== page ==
19 Jan 2006
Sixteen laser beams are combined into one high-power source thanks to four specially-designed components.
Scientists in Israel have come up with a simple way to coherently recombine 16 laser beams using a clever intracavity optical scheme. The researchers say the combined beam has both a high output power and a good beam quality making it ideal for applications such as laser range finders, free-space optical communications and materials processing. (Optics Letters to appear)
The team's idea involves inserting four specially-designed interferometric combiners into a laser resonator. Made from fused-silica parallel plates, half of the front surfaces of the combiners are coated with a 50% beam-splitter layer and half of the back surfaces are coated with a highly reflective layer. The other two halves are anti-reflection coated.
Nir Davidson, Asher Friesem and their colleagues from the Weizmann Institute of Science believe this approach has several distinct advantages over other beam combining schemes.
"It is stable against mechanical and thermal vibrations since the entire interferometer is formed on a single substrate via multiple coatings," Davidson told Optics.org. "The coherent combining is also performed outside the gain medium so the higher power of the combined beam cannot damage the more sensitive parts of the laser cavity. The number of elements required to combine a large number of beams is also small."
Davidson adds that common longitudinal modes have to exist between all the beams so that they can be coherently combined. This problem was solved by placing common end mirrors at either end of the resonator.
To test its idea, Davidson's team used a resonator containing a 9 mm diameter Nd:YAG rod and a pair of common end mirrors to create 16 Gaussian beams. Without the combiners, the resonator generated 2.6 mJ pulses with a beam quality M2 of 1.3.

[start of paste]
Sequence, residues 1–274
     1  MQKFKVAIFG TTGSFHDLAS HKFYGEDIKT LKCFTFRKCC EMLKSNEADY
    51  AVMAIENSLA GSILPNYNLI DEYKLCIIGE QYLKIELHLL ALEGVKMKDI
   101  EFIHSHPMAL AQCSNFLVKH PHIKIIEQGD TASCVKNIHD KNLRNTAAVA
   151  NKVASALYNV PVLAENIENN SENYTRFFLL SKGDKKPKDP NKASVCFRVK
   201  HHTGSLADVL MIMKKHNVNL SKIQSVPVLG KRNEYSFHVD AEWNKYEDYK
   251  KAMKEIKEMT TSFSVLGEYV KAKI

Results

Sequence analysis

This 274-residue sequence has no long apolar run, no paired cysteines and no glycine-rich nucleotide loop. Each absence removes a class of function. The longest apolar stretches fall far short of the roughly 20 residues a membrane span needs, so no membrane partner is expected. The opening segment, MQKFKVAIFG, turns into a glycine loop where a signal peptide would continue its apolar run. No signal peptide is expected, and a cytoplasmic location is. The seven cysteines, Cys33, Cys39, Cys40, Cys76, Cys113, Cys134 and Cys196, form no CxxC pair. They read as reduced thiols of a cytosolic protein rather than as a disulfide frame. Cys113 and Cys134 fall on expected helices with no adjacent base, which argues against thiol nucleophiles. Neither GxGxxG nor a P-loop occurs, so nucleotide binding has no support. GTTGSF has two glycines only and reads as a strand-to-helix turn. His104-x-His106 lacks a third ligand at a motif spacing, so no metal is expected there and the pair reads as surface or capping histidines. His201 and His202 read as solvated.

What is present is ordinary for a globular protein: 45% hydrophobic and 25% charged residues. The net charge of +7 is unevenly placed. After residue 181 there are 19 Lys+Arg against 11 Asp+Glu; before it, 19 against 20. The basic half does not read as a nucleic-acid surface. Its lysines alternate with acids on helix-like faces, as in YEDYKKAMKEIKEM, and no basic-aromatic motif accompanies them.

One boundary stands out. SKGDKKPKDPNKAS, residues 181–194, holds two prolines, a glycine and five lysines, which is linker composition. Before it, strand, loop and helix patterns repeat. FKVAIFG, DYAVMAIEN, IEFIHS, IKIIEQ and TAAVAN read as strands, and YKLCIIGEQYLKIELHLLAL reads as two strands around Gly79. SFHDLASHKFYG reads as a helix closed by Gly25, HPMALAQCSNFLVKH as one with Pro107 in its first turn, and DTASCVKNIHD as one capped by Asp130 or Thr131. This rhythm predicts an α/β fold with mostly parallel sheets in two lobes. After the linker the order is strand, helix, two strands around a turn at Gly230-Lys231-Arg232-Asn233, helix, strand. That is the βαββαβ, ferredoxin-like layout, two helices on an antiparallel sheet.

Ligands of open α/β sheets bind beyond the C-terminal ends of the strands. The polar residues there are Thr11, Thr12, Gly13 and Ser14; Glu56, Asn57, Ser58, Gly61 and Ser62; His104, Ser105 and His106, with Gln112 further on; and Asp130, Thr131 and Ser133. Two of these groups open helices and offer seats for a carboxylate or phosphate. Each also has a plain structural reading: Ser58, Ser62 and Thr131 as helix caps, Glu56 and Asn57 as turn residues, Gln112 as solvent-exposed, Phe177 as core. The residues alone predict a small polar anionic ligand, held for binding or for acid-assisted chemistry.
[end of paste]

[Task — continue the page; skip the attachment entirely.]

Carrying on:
After inserting the first pair of combiners into the resonator, which merged four beams, the researchers measured an output of 10 mJ per pulse, a combining efficiency of 96% and a beam quality of 1.3. When the remaining two combiners were used and 16 beams were combined, the output rose to 37 mJ per pulse, the combining efficiency fell to 88% and the beam quality stayed constant at 1.3.
"We have demonstrated efficient and robust multi-channel coherent combining both for free running pulses with a pulse width of around 200 microseconds as well as for Q-switched operation where the pulse width as a few tens of nanoseconds."
The team also says its intracavity combining approach will work for continuous wave (CW) sources. "We have already demonstrated it for two and four channels," said Davidson. "However, since CW lasers usually have smaller gain they are more sensitive to intracavity losses and more care must be taken to align the combiners."
Having successfully demonstrated the potential of the technique, the team is keen to explore a number of new avenues of research. "We want to add high order modes and even multimode channels," concluded Davidson. "We also want to apply the technique to other laser systems, in particular diode and fiber lasers, and to different wavelength ranges. Finally, we want to increase the number of channels by adding more intracavity combiners."